Lack of Human Testing
Gene research is currently being undertaken on animals. However; these results do not translate to humans and so there is the ethical dilemma of testing this immature technology on people. Before CRISPR can be introduced in human use, careful, long-term, interdisciplinary research with sufficient evidence of safety is needed. A consequential dilemma is that disadvantaged people may be exploited by reward to give up their bodies for potentially harmful research. This course of action potentially violates the Freedom Principle “where no action by a person must hinder another’s happiness”. The subjects for experiment might perceive they have no choice due to their destitution, and could experience detrimental side effects. Another option for action is to prohibit the testing on humans. Which protects human subjects form ill effects but inhibits scientific progress for the benefit of society. Applying the Utilitarianism theory the option of individuals choosing to be subjects should be considered as long as they are not under duress.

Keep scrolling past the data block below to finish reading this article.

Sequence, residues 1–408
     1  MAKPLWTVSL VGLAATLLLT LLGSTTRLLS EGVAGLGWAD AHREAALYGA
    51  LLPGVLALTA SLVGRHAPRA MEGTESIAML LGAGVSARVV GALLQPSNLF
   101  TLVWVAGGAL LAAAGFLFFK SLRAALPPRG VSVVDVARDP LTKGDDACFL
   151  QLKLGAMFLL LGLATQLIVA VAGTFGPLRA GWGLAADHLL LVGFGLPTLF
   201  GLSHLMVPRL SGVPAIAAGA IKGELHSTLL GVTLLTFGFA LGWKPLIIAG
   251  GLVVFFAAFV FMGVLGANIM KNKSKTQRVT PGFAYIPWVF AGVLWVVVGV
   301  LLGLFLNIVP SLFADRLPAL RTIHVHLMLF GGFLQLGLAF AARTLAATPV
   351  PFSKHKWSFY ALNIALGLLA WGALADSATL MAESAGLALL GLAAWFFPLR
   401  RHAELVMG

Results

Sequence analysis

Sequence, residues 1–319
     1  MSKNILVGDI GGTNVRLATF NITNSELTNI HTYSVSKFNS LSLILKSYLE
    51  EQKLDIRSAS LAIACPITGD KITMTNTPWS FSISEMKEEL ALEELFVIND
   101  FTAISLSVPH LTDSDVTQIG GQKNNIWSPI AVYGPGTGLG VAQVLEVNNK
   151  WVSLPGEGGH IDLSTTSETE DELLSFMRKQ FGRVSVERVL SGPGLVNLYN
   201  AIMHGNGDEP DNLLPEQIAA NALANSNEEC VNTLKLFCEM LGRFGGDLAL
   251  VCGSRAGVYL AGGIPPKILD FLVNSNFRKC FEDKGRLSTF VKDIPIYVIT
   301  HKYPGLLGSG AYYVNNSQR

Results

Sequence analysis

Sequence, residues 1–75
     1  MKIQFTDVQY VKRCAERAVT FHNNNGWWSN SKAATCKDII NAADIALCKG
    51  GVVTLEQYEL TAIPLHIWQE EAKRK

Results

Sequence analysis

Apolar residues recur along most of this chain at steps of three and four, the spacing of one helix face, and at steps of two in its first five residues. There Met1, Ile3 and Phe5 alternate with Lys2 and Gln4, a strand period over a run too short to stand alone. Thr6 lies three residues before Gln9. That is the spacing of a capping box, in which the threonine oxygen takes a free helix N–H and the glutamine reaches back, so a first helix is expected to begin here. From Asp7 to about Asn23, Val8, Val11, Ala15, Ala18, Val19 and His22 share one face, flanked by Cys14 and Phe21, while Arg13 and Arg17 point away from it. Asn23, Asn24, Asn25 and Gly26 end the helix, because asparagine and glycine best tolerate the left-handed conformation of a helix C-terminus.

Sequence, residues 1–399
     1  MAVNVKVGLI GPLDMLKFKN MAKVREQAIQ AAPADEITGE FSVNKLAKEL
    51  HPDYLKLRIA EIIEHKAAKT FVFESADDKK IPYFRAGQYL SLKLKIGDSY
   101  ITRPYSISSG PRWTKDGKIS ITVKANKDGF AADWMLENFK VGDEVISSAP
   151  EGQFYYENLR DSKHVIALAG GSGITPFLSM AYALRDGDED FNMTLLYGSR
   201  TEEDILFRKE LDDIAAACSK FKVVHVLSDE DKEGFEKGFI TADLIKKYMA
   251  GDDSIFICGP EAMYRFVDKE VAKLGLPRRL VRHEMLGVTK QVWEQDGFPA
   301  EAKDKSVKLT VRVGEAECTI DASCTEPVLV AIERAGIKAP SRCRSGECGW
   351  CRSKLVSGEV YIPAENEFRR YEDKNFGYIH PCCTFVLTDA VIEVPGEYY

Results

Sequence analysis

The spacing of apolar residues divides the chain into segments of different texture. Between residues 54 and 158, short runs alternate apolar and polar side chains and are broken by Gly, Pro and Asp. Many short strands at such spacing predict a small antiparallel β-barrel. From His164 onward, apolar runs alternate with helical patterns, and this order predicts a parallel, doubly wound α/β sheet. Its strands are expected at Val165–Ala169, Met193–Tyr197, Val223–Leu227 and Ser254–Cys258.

The global/scientific community has recognised that CRISPR poses an ethical dilemma. These arguments need to be discussed openly and wholeheartedly before further developments are made. It is up to us to make sure this technology is seen positively and is developed for good. The future is knocking so loudly, it’s deafening. But a pause has been made. Will you contribute to the conversation?
Group 28: Maddison Fisher, Tao Song, Xinyun Zeng, Sahl Abdelsayed